Monday, May 24, 2010

Ura waza experiments part 3

We covered counters to waki gatame (#10) in some of the earlier techniques, and countering kote hineri seemed pretty much the same as oshi taoshi (although, if I've missed something, by all means, let me know!), so we moved on to kote gaeshi.

There are probably as many ways to counter kote gaeshi as there are ukes, but here are just a few that we've discovered.

Before we get into any of them, however, it's important to understand one fundamental element that relates to pretty much all of these (except maybe one). Actually, the first thing to remember is that, with any of these counters, if tori does everything right, you're pretty much toast, end of story. Remember that we're working under the presumption that tori goofed and maybe sped up or tried to force something to happen.

With that little caveat out of the way, let's talk about the base for all of these counters.

Changing the kote gaeshi angle
I like to illustrate this right up front with a little drill. Stand facing your opponent at ma-ai distance. Have one person, uke, grab your wrist in kote gaeshi. Go ahead and get both hands on there for this if you like (or if you have a relatively weak grasp).
Without either of you moving, try to straighten out your wrist. Unless you happen to be big muscle-bound brute and your uke is a petit little waif, you probably won't be able to do it. Even if you can, it will only work as long as you're dealing with someone smaller and weaker, so the probability of success is pretty dicey.

Now, while uke still stands in place, take a pre-turned step to your left side (if uke is holding your right hand). This should put you at about a 90 degree angle relative to uke. NOW try straightening your hand. Much, much easier, right? Just doing that much alone in motion has a very real tendancy to dump people on their heads who aren't expecting it. Establishing that angle as uke is trying to apply kote gaeshi is the key. That being said, there are a number of variations you could encounter.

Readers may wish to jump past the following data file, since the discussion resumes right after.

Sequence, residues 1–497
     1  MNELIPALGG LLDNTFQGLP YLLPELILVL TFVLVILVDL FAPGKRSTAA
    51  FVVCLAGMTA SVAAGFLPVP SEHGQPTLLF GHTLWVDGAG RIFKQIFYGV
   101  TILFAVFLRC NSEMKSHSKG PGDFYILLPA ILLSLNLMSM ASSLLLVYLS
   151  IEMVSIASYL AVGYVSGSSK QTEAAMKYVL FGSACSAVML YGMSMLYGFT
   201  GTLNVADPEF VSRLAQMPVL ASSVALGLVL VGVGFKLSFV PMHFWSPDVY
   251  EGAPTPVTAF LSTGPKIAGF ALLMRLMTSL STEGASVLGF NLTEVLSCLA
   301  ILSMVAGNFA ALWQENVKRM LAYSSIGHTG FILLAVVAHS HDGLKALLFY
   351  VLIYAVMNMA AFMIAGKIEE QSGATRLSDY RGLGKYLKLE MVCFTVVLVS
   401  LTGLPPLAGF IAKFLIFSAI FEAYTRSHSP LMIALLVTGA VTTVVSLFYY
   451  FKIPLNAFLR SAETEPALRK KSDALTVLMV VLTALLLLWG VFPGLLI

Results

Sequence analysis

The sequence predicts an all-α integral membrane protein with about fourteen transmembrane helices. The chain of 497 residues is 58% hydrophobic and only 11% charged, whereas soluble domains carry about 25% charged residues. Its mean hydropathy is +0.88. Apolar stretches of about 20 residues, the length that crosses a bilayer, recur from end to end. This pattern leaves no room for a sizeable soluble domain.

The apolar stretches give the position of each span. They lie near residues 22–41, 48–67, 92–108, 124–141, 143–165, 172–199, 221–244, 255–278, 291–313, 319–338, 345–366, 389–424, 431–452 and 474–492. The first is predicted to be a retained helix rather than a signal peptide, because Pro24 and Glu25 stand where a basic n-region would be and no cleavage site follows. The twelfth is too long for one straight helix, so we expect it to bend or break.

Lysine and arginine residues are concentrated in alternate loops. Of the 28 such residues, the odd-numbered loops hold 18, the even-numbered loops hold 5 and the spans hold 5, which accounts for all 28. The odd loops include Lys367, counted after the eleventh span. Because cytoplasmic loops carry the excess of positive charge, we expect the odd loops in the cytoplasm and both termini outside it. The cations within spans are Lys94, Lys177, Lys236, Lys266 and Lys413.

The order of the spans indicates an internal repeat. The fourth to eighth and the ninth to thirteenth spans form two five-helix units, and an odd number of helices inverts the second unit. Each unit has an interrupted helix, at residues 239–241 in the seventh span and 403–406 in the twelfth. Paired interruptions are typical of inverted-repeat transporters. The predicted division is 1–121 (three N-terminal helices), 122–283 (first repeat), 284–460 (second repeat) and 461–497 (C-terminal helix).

1) Countering kote gaeshi with kote gaeshi
We'll start with the text book ura waza. This assumes, of course, that uke has both hands on yours and is trying to extend you out over your toes. Once you find that angle and you'll step a little further and extend the other guy. You'll also use your free hand to nab uke's left hand, step around and do kote gaeshi back to him.

2) Countering kote gaeshi with gyakugamae ate
It probably goes without saying that tori does, after all, have a free hand. There are a couple of things you could do with it. First off, let's say uke is trying to get you with more of a converging kote gaeshi, or in other words, instead of backing away or extending you over your foot, he's trying to collapse your wrist and arm back toward you (and a little off to the side). Not a common form, but usefull in certain circumstances. Or maybe, rather than take your balance, he's just trying to wrench your wrist off. In this case, rather than try and break the grip, you'll just go with it and curl your own wrist until your whole arm is sucked up tight against your body. Do that as you turn to the left and stick a hand (or arm) in uke's face and down he goes. The whole thing has a way of stretching uke apart, his hands going one way, his head going the other.

3) Countering kote gaeshi with kubi guruma
For a long time, whenever I felt kote gaeshi coming on in randori, and I had a free hand, it automatically went to uke's face. Which worked for a time, but with experienced players, or anyone who had upgraded, they quickly turned that into a waki gatame. Oops. After a while, my hand ended up, instead, on the side, slightly curled around the back of uke's head, as in kubi guruma from the Big 10 (at the same time, mind you, as the tight turning grip-break mentioned above).

4) Countering kote gaeshi with juji garami
Many times, uke doesn't have his second hand involved in the kote gaeshi. In this case, I like using my free hand to catch under uke's free elbow, which ends up getting his arms crossed like an X in a form of judi garami. (And you can always throw a leg in front of uke, if you're judo inclined.)

5) Countering kote gaeshi with kote taoshi
A form we found pretty devastating for smaller toris to use is, along with the usual grip-break, putting your free hand on uke's throwing forearm. But unlike the usual downward motion of kote taoshi, curl uke's elbow in towards his body as you back away (fairly remeniscent of the 3rd technique from goshin jitsu no kata in judo). If you have the pleasure of having a smaller person do this one to you, I would advise you to reeeeeally tuck your head, because the ground comes up fast.

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